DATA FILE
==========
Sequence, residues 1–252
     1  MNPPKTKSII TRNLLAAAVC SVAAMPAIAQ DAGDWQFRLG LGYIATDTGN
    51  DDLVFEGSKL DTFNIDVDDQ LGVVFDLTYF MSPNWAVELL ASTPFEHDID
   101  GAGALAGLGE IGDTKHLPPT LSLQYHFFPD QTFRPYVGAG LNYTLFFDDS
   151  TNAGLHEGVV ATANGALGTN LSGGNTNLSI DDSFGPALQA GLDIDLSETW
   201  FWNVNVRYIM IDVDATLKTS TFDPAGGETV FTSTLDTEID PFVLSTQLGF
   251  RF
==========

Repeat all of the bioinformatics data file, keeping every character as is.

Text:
Sequence, residues 1–252
     1  MNPPKTKSII TRNLLAAAVC SVAAMPAIAQ DAGDWQFRLG LGYIATDTGN
    51  DDLVFEGSKL DTFNIDVDDQ LGVVFDLTYF MSPNWAVELL ASTPFEHDID
   101  GAGALAGLGE IGDTKHLPPT LSLQYHFFPD QTFRPYVGAG LNYTLFFDDS
   151  TNAGLHEGVV ATANGALGTN LSGGNTNLSI DDSFGPALQA GLDIDLSETW
   201  FWNVNVRYIM IDVDATLKTS TFDPAGGETV FTSTLDTEID PFVLSTQLGF
   251  RF